Amino acids are the building blocks of all proteins. Living cells use 20 specific amino acids in their proteins although a few others, e.g. GABA, serve other functions such as acting as neurotransmitters.
Rather than concentrate on the properties of amino acids in general, I think it is more useful to characterize them by side chain.
1. Aliphatic amino acids include glycine, alanine, leucine, isoleucine, valine, and proline. Technically, proline is not an amino acid but an imino acid because it contains a secondary nitrogen atom bonded to two carbons rather than just one. All of these amino acids have neutral, hydrophobic side chains. Leucine, isoleucine, and valine have branched side chains. Glycine is the smallest amino acid, and does not fit well into any other category.
2. Aromatic amino acids – these include tryptophan, tyrosine, and phenylalanine. All three contain a phenyl group in their side chains, making them hydrophobic. Tyrosine has a hydroxyl group on its side chain which can be phosphorylated; hence tyrosine is less hydrophobic than the other two. Tryptophan contains an indole ring. It is the source of the so called indolamine neurotransmitters serotonin and melatonin. Tyrosine is the source of the catecholamines – dopamine, norepinephrine, and epinephrine. Another metabolite of tyrosine is the skin pigment melanin.
3. Acidic side chains – these include glutamate and aspartate. Both of these amino acids also serve as excitatory neurotransmitters. Since these amino acids contain negatively charged side chains, they are often found on the exterior surfaces of proteins in contact with an aqueous environment. These amino acids are also prevalent in the active sites of enzymes where catalysis occurs. Glutamate can be decarboxylated to form gamma amino butyric acid (GABA), an inhibitory neurotransmitter. Another modified form of glutamate called gamma carboxyglutamate is produced in the liver during the synthesis of clotting factors. The additional carboxyl group allows Factors II, VII, IX, and X to bind calcium ions.
4. Amide side chains – glutamine and asparagine are the amide counterparts of glutamate and aspartate respectively. In proteins modified by N-linked glycosylation, sugars are attached to the side chain of asparagine residues.
4. Basic side chains – these include histidine, lysine, and arginine. All three can support a positive charge in solution. Much like the acidic amino acids, the basic ones are found most often on the exterior surfaces of proteins and at the catalytic sites of enzymes. Histidine can be decarboxylated to form the neurotransmitter/ inlammatory mediator known as histamine. Lysine can be hydroxylated and cross linked in collagen, which imparts high tensile strength. Another important lysine metabolite is carnitine, which is essential for transporting long chain fatty acids into the mitochondrial matrix for B-oxidation. In some neurons, macrophages, and endothelial cells, arginine is cleaved into citrulline and nitric oxide (NO) a short lived radical species that acts as a vasodilator and putative neurotransmitter.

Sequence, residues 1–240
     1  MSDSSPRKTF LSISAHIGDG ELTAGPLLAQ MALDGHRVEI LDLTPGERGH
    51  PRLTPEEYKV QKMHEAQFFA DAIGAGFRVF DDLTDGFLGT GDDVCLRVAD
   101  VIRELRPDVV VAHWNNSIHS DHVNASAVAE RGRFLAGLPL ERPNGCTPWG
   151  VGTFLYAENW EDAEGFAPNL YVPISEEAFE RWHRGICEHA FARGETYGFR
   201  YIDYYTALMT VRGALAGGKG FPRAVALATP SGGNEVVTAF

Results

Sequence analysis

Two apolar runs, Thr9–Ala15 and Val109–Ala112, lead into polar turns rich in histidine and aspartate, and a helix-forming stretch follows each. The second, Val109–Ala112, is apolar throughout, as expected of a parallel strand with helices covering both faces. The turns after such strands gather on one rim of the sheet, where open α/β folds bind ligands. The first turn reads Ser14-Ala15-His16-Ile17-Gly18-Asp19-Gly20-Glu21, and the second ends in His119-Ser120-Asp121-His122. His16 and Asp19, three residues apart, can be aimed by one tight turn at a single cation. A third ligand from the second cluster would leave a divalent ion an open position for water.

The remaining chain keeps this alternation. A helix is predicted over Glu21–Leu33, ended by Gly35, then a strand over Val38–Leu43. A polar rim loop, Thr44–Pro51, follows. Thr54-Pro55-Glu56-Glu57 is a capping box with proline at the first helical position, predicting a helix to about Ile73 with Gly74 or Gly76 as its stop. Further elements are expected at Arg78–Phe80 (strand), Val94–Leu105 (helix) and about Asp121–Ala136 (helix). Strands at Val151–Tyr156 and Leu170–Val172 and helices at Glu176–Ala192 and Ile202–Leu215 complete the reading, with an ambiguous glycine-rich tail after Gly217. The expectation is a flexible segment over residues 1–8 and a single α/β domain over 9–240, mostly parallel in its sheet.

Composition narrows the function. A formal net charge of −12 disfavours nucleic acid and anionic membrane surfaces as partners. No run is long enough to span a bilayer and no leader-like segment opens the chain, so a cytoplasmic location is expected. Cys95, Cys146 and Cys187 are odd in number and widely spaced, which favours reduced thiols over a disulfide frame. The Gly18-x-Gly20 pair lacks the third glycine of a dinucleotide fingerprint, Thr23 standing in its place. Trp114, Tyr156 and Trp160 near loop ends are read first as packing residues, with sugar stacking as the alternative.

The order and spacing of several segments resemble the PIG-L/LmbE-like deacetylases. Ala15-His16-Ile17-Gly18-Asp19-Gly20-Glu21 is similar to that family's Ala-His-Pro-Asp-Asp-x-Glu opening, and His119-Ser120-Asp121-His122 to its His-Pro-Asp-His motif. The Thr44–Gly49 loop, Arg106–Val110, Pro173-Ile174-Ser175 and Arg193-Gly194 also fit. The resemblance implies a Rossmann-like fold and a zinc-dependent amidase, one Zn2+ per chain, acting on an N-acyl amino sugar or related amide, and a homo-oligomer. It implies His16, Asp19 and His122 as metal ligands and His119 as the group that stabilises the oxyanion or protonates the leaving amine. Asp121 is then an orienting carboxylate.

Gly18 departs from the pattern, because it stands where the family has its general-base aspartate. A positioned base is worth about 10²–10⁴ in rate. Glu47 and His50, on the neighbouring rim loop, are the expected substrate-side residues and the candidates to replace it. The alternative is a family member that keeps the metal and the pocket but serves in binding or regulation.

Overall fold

5. Polar side chains – serine and threonine. As with tyrosine, both of these amino acids can be phosphorylated at their hydroxyl groups. This reversible phosphorylation plays a crucial role in signal transduction and even cellular memory. Sugars can be can be attached to the -OH group in threonine’s side chain. This is known as O-linked glycosylation.
6. Sulfur containing side chains – cysteine and methionine. The -SH groups in cysteine’s side chain can be crosslinked to form a disulfide bridge. The linked amino scids are sometimes referred to as cystine. The enzyme glutathione reductase contains a modified cysteine residue in which an atom of selenium replaces the sulfur atom. The methionine derivative S-adenosyl methionine (SAM) is the major carrier of methyl groups in cellular metabolism.
In children, the following ten amino acids are considered essential amino acids because they must be obtained from the diet: Phenylalanine, valine, threonine, tryptophan, isoleucine, methionine, histidine, arginine, leucine, and lysine. The mnemonic to remember them is PVT TIM HALL.
In adults, arginine is, strictly speaking, not an essential amino acid because just enough is produced in the urea cycle to meet minimal metabolic requirements (unlike children, adults are not growing).
In human metabolism, amino acids cannot be stored long term. Aside from a tiny fraction used as amino acid neurtotransmitters, the bulk of amino acids are used to synthesize new proteins or are converted to metabolic fuels in the form of glucose or ketone bodies. The nitrogen containing amino group cannot be recycled in humans, so the liver conjugates amino groups to form urea, a soluble but less toxic break down product compared to ammonia.